Four patients with a histologically distinctive thyroid carcinoma-which recently has been referred to as poorly differentiated ("insular") carcinoma-are reported. This study confirms the previous conclusions that patients with this neoplasm often experience an aggressive clinical course, with focal recurrences and distant metastases common, which results in death in the majority of patients. Such aggressive behavior may occur even when the insular component accounts for only a small percentage of an otherwise well-differentiated carcinoma, as seen in one of our patients. After subtotal or total thyroidectomy, three of the four patients have experienced local recurrence (1) and metastases to lung (3), mediastinum (1), and bone (1). All three of these patients died within 2 years of the diagnosis of insular carcinoma. The remaining patient is alive without evidence of disease 1 year after total thyroidectomy. Histologically, this neoplasm is characterized by well-defined nests (insulae) that are composed of relatively small, uniform cells and sometimes associated with small, thyroglobulin-containing follicles. Tumor necrosis is often present. Insular carcinoma may comprise the entire neoplasm (2 patients) or be associated with well-differentiated follicular (1 patient) or papillary (1 patient) carcinoma. The rapid and often fatal course associated with insular carcinoma warrants aggressive treatment at the time of initial diagnosis, including total thyroidectomy and node dissection (if involved), as well as possible iodine-131, external beam irradiation and chemotherapy.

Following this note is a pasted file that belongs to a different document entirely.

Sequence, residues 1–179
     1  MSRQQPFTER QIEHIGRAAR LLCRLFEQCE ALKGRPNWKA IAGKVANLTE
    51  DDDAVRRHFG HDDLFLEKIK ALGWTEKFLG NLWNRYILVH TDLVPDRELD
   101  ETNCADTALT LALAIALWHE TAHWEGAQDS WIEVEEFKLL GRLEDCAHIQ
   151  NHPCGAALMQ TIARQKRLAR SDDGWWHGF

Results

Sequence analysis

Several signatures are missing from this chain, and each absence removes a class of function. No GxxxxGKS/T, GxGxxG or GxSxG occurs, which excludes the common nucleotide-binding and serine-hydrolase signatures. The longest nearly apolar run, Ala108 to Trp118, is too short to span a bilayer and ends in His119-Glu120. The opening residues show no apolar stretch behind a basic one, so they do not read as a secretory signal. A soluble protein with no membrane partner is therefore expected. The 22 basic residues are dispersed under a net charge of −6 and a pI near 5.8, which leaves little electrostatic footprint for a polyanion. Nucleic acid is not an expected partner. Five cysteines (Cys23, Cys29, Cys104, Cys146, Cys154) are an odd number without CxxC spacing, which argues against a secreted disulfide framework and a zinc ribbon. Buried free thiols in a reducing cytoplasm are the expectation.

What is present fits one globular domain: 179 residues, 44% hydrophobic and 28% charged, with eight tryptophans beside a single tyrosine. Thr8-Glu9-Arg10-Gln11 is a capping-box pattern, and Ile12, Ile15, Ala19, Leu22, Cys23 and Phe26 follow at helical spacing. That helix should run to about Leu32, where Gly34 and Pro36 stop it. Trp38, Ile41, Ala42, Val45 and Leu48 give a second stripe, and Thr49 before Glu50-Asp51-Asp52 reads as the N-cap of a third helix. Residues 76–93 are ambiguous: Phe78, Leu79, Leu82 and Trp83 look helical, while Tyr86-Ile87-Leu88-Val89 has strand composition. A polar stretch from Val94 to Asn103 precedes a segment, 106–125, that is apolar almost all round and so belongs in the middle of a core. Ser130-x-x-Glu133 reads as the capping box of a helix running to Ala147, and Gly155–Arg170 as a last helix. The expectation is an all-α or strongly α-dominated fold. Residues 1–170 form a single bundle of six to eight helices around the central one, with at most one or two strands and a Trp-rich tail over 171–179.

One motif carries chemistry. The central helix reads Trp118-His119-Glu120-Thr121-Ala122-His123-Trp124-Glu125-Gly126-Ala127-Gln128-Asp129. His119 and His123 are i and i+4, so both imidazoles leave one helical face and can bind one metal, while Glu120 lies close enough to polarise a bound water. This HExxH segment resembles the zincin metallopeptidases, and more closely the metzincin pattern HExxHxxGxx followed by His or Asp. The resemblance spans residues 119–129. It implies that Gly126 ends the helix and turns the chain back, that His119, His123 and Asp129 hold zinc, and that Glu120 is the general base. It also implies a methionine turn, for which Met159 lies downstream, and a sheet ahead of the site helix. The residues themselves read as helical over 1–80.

|Original language||English (US)|
|Number of pages||8|
|State||Published - Dec 1988|
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